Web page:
It’s not for everyone to enjoy statistics. They can be complicated, dishonest people can cherry-pick what they want, and occasionally they will reveal information that we don’t want to know.
For example, a new statistical analysis has found that major pandemics are far more prevalent than you may assume. In fact, the scientists discovered that there is a 2% chance of a pandemic with the same level of effect as COVID-19 occurring annually.
We each have a 38 percent chance of encountering a major event at least once over the course of our lifetimes, and the odds appear to be worse over time.
The Probability of Another COVID-Level Pandemic Emerging has been calculated by scientists
The most crucial lesson learned, according to global environmental health researcher William Pan of Duke University, is that severe pandemics like COVID-19 and the Spanish flu are comparatively likely.
The group studied the pandemic records going back to the year 1600. They found 476 documented epidemics, roughly half of which had a known number of victims. Approximately 145 were responsible for fewer than 10,000 fatalities, whereas 114 others were there but were not counted.
The analysis does not include infectious diseases that are active at the moment, such as COVID-19, HIV, or malaria.
An intense pandemic, like the Spanish flu of 1918–1920, had a probability of happening somewhere between 0.3 and 1.9 percent year during the previous 400 years, according to the team’s extensive modelling analysis of the data using a generalised Pareto distribution.
The slow decay of probability with epidemic intensity suggests that extreme outbreaks are reasonably likely, the researchers argues in the report. This attribute was previously unknown because of limited observational records and stagnant analysis methodologies.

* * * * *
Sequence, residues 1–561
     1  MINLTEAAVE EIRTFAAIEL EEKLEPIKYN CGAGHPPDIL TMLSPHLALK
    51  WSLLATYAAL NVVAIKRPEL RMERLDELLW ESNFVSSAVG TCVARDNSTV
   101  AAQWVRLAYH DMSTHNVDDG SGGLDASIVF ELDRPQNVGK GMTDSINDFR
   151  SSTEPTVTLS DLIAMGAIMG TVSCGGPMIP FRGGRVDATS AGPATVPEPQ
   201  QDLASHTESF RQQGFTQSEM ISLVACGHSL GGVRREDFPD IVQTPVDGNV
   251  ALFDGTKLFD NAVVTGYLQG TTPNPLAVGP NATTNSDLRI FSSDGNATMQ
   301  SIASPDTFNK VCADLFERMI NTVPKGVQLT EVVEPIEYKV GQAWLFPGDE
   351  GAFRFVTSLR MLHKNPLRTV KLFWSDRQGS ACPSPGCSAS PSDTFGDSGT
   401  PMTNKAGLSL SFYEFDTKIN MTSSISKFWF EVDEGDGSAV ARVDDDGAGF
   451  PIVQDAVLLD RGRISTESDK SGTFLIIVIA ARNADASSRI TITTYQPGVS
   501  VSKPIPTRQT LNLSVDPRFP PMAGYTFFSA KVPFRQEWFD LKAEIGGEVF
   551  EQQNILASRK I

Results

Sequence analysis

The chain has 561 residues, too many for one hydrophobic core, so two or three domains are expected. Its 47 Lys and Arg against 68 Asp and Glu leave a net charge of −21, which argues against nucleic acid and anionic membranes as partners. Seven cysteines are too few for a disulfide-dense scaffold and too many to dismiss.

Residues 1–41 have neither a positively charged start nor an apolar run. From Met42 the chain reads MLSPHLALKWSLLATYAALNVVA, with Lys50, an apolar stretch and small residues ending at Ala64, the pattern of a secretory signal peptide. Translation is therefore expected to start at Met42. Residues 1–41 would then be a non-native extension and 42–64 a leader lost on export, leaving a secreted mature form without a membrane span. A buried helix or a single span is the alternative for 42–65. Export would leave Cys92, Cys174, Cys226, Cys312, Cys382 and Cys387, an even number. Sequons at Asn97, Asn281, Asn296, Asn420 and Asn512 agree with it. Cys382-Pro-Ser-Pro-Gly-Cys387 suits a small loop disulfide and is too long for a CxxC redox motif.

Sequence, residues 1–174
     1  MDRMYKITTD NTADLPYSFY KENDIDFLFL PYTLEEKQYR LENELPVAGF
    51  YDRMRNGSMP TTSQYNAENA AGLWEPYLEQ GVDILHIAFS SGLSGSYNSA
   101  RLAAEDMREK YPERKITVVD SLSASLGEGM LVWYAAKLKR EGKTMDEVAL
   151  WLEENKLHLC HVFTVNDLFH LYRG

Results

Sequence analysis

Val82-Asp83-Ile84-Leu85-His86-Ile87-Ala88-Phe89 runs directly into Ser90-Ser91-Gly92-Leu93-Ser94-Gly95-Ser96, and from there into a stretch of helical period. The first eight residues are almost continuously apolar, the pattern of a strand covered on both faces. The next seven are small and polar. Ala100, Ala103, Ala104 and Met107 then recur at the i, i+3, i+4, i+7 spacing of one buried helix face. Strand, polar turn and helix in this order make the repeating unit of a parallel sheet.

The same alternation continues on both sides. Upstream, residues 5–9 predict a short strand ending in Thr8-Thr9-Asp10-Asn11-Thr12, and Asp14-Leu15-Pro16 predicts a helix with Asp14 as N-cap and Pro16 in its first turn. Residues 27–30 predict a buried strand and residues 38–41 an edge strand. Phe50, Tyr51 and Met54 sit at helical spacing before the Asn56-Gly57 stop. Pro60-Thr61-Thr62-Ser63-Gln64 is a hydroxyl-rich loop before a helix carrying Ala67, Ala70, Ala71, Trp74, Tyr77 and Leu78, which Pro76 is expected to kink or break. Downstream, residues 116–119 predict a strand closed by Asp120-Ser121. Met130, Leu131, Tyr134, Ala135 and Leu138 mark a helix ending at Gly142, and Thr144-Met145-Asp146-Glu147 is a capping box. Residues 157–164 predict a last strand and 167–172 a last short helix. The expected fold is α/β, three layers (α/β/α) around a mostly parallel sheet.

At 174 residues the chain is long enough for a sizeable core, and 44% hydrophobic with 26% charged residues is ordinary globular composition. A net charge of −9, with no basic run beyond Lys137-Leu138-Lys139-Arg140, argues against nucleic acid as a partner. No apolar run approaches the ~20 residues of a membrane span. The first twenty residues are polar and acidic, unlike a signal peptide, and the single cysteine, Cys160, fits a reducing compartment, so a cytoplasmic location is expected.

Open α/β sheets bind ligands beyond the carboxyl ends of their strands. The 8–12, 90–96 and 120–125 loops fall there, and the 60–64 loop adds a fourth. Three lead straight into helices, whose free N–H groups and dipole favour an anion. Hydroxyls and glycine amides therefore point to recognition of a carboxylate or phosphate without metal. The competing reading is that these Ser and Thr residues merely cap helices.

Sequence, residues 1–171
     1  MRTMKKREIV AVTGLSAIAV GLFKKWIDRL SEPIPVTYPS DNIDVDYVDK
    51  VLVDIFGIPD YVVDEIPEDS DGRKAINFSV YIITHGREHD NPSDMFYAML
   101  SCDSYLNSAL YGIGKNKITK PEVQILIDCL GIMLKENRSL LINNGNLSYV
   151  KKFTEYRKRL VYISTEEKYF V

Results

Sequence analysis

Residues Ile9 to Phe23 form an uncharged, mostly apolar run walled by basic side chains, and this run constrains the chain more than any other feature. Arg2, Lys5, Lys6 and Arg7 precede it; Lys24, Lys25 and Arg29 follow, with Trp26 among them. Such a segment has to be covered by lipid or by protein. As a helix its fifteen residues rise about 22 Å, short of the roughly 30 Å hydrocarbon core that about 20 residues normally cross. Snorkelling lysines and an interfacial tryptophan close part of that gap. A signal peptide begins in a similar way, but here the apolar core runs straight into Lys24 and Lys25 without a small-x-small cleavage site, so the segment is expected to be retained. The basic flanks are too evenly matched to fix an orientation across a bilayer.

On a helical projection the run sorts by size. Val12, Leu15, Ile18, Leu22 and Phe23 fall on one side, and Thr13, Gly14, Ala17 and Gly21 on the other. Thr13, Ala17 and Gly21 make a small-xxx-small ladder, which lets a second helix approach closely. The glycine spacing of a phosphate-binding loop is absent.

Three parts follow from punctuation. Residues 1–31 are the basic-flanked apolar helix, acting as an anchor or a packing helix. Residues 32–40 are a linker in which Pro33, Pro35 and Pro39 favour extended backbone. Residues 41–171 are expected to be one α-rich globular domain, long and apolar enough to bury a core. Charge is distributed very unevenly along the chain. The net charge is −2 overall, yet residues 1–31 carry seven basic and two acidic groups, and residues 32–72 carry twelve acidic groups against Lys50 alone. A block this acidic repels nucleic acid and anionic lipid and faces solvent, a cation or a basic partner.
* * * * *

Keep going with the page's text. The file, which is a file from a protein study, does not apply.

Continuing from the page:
However, this chance isn’t static either; it’s increasing.
New diseases have been spreading through humans at an increasing rate during the past 50 years.
The most prominent example is SARS-CoV-2, but there have been many more over the past few decades as well, including swine flu, avian flu, Ebola, and many others.
This finding suggests a high probability of observing pandemics similar to COVID-19 (probability of experiencing it in one’s lifetime currently about 38 percent), which may double in coming decades, the team writes.
“Together with recent estimates of increasing rates of disease emergence from animal reservoirs associated with environmental change.”
Therefore, even as we are recuperating from a current outbreak, it’s critical that we not presume that there won’t be another pandemic that has life-altering consequences before long.
In fact, if we play our cards well, our COVID-19 response and resources will set us up for the upcoming pandemic.
According to Pan, “this emphasises the significance of early response to disease outbreaks and creating capacity for pandemic surveillance at the local and global scales, as well as for setting a research agenda to understand why major epidemics are becoming more frequent.”
The next pandemic is coming, if statistics are any indication; let’s just hope we don’t forget the past.